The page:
Hospitals and ambulances struggle to cope with ice-related injuries as patients forced to wait for urgent operations

The Scottish Ambulance Service has warned it is very busy. Picture: John Devlin.The Scottish Ambulance Service has warned it is very busy. Picture: John Devlin.
The Scottish Ambulance Service has warned it is very busy. Picture: John Devlin.
Hospitals and the Scottish Ambulance Service already busy with Covid-19 and the New Year bank holiday are struggling to cope with ice-related injuries, with doctors and NHS Health Boards warning people to stay inside rather than risk a fall in the icy conditions.

A&E departments are busier than usual for this time of year, health boards warned, with the alternative routes advised to non-emergency patients during lockdown – including NHS 24 and Minor Injuries Units – also overwhelmed.

NHS 24 said the service had been “exceptionally busy” on Monday, with more than 7,000 calls by 2pm and patients having to wait longer than usual to speak to someone.

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It comes as people around the country complain of insufficient gritting of pavements and roads, and days after senior surgeons warned councils to grit more roads to keep Covid-19 infections down as hospital admissions pose a risk to older people contracting the virus.

One patient at the Edinburgh Royal Infirmary reported having to wait four days for an urgent operation after breaking her leg over the bank holiday weekend.

NHS Lothian was unable to comment.

Dr Neil Dignon, a consultant at the Glasgow Royal Infirmary A&E department said three quarters of the department’s patients on Monday morning were there following a fall.

"Stay indoors if you can til this ice shifts. It’s lethal,” he warned.

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NHS Greater Glasgow and Clyde said it had been forced to bring extra staff into certain areas to cope with demand on Monday.

The health board warned that some parts of the local area were “treacherous”, and asked people not to go out if possible.

"Our Minor Injury Units and EDs have been much busier this [Monday] morning as a result of the freezing weather conditions and black ice. We have been treating a large number of injuries from slips, trips and falls,” a spokesperson said.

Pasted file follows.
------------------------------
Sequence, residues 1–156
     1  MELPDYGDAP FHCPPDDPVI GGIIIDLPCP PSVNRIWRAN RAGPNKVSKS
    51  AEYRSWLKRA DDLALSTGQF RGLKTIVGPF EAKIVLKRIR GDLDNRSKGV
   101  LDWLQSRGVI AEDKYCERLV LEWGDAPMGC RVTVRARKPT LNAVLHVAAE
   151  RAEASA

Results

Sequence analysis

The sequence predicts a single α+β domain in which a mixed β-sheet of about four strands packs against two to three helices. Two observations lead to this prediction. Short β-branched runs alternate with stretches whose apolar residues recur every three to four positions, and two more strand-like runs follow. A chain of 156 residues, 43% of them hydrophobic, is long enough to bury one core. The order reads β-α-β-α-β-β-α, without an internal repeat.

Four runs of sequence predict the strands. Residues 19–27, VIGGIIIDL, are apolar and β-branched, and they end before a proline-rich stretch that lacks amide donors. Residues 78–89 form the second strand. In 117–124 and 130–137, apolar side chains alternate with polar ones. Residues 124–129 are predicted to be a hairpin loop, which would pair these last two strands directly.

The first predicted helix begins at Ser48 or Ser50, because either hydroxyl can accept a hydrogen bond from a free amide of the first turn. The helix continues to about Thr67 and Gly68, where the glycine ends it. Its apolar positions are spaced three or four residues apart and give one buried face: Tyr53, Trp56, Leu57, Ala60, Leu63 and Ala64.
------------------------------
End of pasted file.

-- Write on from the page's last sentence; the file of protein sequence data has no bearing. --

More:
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“In certain areas, we have had to bring in extra staff to cope with the demand and we urge people to be especially careful.”

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The spokesperson added that while busy, hospitals were “coping” with the increase in black ice admissions, and that priority would be given to the most serious injuries.

NHS Grampian warned people to stay at home where possible.

"We are seeing an increasing number of people attending our Emergency Departments following slips, trips, and falls on icy pavements,” the health board said on Monday.

"We want to encourage everyone to stay safe and avoid these injuries. The simplest way to do this is to be mindful of the current conditions and stay at home where possible.”

The Scottish Ambulance Service said it was experiencing “very high levels of demand” on Monday, adding: "We’d ask people to be careful if outside and please only call 999 in an emergency.”

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Senior surgeons warned last week that more roads should be gritted to reduce ice-related falls.

But people from around the country took to social media on Monday to share experiences of roads not gritted.

Labour Peer George Foulkes, 78, said roads in Corstorphine were like a “skating rink”, leaving him unable to go outside.

John Fernandez, a delivery driver, said he had to stop and help two people who had fallen on the ice on Princes Street on Sunday evening.

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